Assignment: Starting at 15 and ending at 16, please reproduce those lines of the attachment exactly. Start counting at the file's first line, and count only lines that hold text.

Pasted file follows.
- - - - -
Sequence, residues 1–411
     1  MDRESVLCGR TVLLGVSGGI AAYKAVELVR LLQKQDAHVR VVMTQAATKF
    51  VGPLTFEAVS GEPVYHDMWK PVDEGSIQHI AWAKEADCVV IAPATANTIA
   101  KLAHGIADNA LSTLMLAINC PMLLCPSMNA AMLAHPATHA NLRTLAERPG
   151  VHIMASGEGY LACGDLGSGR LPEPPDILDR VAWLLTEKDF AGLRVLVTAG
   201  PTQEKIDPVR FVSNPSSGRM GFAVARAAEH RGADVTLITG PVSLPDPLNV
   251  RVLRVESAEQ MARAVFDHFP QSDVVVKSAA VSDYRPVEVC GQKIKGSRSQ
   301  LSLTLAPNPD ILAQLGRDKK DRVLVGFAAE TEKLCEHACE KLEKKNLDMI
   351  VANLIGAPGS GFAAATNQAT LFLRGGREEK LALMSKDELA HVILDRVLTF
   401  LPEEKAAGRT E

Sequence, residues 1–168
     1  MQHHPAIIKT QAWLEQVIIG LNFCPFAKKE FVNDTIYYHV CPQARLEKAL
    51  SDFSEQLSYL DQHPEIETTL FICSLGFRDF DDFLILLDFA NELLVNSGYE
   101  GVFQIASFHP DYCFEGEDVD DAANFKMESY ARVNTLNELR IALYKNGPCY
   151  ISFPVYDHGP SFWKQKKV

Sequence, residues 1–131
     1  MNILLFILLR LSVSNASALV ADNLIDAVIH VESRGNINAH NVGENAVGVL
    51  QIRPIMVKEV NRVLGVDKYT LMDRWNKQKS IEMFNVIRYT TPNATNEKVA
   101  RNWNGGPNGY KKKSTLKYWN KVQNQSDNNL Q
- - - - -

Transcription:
   151  ISFPVYDHGP SFWKQKKV

Sequence, residues 1–131